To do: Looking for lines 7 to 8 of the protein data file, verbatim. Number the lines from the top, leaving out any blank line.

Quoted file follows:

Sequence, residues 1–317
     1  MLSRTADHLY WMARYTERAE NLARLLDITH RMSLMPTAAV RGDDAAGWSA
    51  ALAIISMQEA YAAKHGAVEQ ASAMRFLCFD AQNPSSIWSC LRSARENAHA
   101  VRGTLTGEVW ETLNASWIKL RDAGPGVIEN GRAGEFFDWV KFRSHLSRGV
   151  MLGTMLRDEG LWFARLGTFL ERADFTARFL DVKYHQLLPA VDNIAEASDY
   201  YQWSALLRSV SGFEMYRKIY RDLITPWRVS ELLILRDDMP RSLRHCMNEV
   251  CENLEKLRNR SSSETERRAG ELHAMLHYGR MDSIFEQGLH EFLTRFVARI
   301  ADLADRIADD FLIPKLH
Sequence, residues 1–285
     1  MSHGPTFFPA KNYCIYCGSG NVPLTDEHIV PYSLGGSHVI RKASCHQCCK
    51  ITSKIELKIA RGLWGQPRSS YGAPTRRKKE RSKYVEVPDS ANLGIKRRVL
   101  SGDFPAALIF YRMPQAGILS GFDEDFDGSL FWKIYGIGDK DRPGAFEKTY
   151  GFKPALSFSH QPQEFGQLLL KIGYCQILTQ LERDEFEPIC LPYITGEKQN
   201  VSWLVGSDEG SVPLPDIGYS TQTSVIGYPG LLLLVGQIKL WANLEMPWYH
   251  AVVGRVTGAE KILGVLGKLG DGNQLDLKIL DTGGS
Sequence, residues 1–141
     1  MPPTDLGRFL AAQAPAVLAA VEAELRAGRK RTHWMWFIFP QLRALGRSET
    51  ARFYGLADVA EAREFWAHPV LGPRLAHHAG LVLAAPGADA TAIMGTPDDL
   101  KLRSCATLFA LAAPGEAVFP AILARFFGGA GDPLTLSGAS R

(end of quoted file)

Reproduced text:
   251  CENLEKLRNR SSSETERRAG ELHAMLHYGR MDSIFEQGLH EFLTRFVARI
   301  ADLADRIADD FLIPKLH